What happened to my winter wheat?

Farm Forum

Winter wheat is said to have nine lives. While winter wheat has repeatedly proven its toughness, the 2012-13 season has provided exceptional challenges.

Many producers chose to plant the crop into dry or marginally soil in the fall of 2012, hoping for rain. In many cases, the rains did not come and the crop went into the winter without germinating. Some fields suffered wind erosion, sealing the crop’s fate. In other cases, moisture came in the form of snow and/or rain. Some locations received just enough moisture to mold the seed; others enough to germinate and get it started growing. In some areas, both scenarios occurred, with the difference being the amount of surface residue on the field and how much snow was trapped.

When the snow melted, most of us fully expected the wheat to take off and grow. Of course the crop faced another challenge as air temperatures, and consequently, soil temperatures stayed cold for an extended period of time.

Under good growing conditions, the wheat seed will send out the main root, followed by several seminal roots, and then the coleoptile, which is a leaf sheath that encloses and protects the embryonic plant. The coleoptile continues to grow, and when it emerges from the soil, stops, and the first true leaf pushes through the tip. Leaves are then produced at a rate of about one every 4-5 days. At the 3 leaf stage, several important changes occur. The crown is developed, the first tiller is developed, and the secondary root system is initiated.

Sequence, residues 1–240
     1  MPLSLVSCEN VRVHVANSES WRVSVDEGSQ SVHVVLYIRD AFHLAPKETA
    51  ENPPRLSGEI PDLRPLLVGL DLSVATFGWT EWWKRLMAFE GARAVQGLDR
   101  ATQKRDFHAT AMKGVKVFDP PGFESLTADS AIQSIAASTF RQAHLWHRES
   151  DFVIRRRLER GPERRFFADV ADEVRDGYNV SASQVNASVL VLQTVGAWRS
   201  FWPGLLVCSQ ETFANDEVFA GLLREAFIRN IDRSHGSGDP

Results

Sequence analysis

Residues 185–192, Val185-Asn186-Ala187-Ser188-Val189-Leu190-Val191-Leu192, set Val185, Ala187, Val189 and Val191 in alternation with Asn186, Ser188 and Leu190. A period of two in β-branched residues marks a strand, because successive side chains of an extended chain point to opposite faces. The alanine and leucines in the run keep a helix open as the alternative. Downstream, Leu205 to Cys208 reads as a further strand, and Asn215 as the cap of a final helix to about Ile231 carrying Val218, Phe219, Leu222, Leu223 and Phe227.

In the spring of 2013, these tender young plants were subjected to multiple stresses, long periods of cold soils, slow growth, and marginal moisture conditions. During the entire time, the plant is respiring and using energy reserves from the seed as it is unable to generate its own energy from photosynthesis until it has some green leaf tissue above ground. Seeds that were planted very shallow into no-till seedbeds and seeds planted into fields that suffered wind erosion may have tried, or are still trying to send secondary roots into a duff layer or dry soil and unable to thrive.

Each tiller relies on its own adventitious (secondary) root system, and the plant gradually becomes more dependent on the adventitious root system as it develops to become the predominant root mass. If the plant undergoes stresses during its development, it will respond by producing fewer tillers or by aborting tillers. Lost tillers can often be traced back to stresses the plant was subjected to. Late developing tillers contribute little to overall yield, and tillers that emerge after the fifth main shoot leaf are likely to abort or not produce heads.

If your wheat crop has a reasonable stand, is developing secondary roots and viable tillers, it has a chance of producing a respectable amount of grain if soil moisture isn’t severely limiting. The remaining hindrance to yield will be the inherent lateness in maturity, and the risk of high temperatures that are likely to occur in late June and early July when the grain fill period will be taking place.